page. Notice that the shell for the method that handles the Load event (Page_Load) is already there.
Inside this method, write the code to populate the choices in the drop-down by adding the names
of a few of your favorite fruits into the Items collection of the FruitDropDown control. Also, the
ResultLabel shouldn’t show any text when the page is fi rst loaded, so set its Text property to an
empty string (code fi le: ServerControls-Step02.aspx.vb).
Protected Sub Page_Load(ByVal sender As Object, _
ByVal e As System.EventArgs) Handles Me.Load
ResultLabel.Text = String.Empty
Next, you need to add the code to handle the event raised when the SubmitButton is clicked.
ASP.NET Web Forms uses an event-driven model similar to that used with Windows Forms. The
key difference between ASP.NET Web Forms events and those of Windows Forms is what happens when an event occurs. The objects that make up a Windows Form exist as long as the form
exists; thus, they maintain state across user interactions. Because of the stateless model of the Web,
the objects that make up the page (in the sample project that means the page, the drop-down, the
button, and the label) only live long enough to generate the markup for that page. Once a request
is complete and the fi nal markup has been sent to the client browser, the objects that comprise the
page are orphaned, and they await garbage collection.
Since the original objects are no longer available, new objects will need to be created for the event
code to run. Therefore, when a user interaction triggers a server-side event, a request is sent to the
server that includes information about the event; the page and the control objects are created on the
server; the internal state of these objects is set using information passed in the request; the event
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handler executes; and an updated version of the page is sent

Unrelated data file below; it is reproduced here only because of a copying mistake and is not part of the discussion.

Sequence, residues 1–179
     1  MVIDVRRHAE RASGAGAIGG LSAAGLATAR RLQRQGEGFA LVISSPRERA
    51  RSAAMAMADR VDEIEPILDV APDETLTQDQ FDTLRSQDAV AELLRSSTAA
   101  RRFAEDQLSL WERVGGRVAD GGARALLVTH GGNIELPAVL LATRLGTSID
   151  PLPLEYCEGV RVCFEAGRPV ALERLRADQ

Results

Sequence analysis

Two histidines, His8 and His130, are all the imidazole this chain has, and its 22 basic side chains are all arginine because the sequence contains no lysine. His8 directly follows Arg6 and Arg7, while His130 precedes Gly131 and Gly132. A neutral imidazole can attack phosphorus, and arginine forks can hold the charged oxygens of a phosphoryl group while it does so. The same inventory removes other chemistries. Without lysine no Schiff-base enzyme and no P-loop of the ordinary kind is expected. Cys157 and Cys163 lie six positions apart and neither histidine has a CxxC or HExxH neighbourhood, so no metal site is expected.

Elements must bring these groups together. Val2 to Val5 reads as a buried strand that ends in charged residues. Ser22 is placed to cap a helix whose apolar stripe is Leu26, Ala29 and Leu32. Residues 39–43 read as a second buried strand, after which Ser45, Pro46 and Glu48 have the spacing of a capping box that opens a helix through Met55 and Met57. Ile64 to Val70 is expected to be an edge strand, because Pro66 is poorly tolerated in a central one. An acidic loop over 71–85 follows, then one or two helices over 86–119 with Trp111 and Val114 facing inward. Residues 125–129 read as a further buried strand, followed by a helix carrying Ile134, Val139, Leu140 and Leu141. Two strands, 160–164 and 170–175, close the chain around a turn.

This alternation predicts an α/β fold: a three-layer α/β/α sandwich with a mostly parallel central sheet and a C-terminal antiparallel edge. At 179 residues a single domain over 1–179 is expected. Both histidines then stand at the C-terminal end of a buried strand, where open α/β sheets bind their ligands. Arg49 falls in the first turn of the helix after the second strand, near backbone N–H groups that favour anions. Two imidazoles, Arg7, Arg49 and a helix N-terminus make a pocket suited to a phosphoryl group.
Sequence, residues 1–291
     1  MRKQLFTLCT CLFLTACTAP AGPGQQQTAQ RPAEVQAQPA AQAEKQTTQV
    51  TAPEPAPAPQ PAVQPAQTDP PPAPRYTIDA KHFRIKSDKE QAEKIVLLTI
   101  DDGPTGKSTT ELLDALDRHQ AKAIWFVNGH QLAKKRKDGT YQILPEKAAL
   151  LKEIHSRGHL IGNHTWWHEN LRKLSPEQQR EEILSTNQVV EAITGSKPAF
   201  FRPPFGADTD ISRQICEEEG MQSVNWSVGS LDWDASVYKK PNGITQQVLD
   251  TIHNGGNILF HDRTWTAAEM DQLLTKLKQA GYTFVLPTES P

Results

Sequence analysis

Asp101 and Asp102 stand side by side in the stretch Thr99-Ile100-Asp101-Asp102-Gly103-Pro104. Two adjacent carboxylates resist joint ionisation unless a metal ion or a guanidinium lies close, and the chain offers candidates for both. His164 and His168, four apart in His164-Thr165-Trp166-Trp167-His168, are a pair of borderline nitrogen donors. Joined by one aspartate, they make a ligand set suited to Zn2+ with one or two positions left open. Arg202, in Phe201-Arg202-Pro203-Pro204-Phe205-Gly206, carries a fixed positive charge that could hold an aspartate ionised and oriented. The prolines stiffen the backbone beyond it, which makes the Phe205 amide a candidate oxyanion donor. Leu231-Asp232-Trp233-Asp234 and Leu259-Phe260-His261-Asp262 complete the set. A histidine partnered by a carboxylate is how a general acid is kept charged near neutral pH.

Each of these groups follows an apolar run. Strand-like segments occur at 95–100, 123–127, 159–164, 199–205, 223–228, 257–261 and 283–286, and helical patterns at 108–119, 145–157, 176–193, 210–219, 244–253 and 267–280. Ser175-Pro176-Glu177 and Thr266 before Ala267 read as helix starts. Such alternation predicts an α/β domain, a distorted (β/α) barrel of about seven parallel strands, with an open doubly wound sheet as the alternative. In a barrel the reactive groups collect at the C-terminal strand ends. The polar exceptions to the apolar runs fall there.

back to the client browser. This process is called a postback.
How do you hook up these events for server controls? Again,
the model is similar to that seen in Windows Forms. You can
double-click a control in the Design view to add the handler
for the default event for that control, you can use Event view
in the Properties window (see Figure 14-7), or you can use the
drop-downs at the top of the Code Editor (see Figure 14-8).
Add the event handler for the Click event of the
SubmitButton. In the event handler, show the value the user
selected from the FruitDropDown in the ResultLabel (code
fi le: ServerControls-Step02.aspx.vb).
FIGURE 14-7: Adding an event handler
using the Properties window
Private Sub SubmitButton_Click(sender As Object, e As EventArgs) _
ViewState can be turned off at the page or the control level via the EnableViewState property. The
ASP.NET team has gone to great lengths to keep the size of ViewState as small as possible but it still
needs to be monitored and managed. Unchecked, ViewState can get large enough to affect the load
times of your pages.
With these facts in mind, a simple adjustment is all that is required to address the issue with the sample project. In the Page_Load event handler, you need to check if the current request is a postback.
If it is, the items will be populated automatically from the ViewState; otherwise, you need to execute
your code as follows to get the items into the control (code file: ServerControls-Step03.aspx.vb):
Protected Sub Page_Load(ByVal sender As Object, ByVal e As System.EventArgs) _
If Not IsPostBack Then
ResultLabel.Text = String.Empty
Now, no matter how many times you click the button, the list will have the proper number of items.
Master and Content Pages
Many Web applications are built so that each page of the application has a similar look and feel;
and there may be common page elements such as a header, navigation sections, advertisements,
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footers, and more. Most people prefer uniformity in their applications in order to give end users a
consistent experience across pages.
Web Forms includes a feature called master pages that enable you to create a template (or a set of
templates) that defi ne the common elements for a set of pages. Once a master page is created, you
can then create a content page that defi nes the content specific to a single page. The content page
and the master page are associated by attributes in the Page directive so ASP.NET can combine the
two fi les into a single web page to display in a browser (see Figure 14-11).
FIGURE 14-11: Relationship between master and content pages
A master page contains one or more ContentPlaceHolder controls that will be “filled in” by the
associated content pages. The master page included in your project (Site.Master) contains three of
these placeholders (see Figure 14-12).
You’ll create a content page using this master page. Right-click on the project in the Solution
Explorer and select Add Í New Item. In the Add New Item dialog select the Web Form using
Master Page template, setting the Name to Products.aspx, and click the Add button (see
You will then be presented with the Select a Master Page dialog. Your project has only one master
page (Site.Master); select it and click the OK button (see Figure 14-14).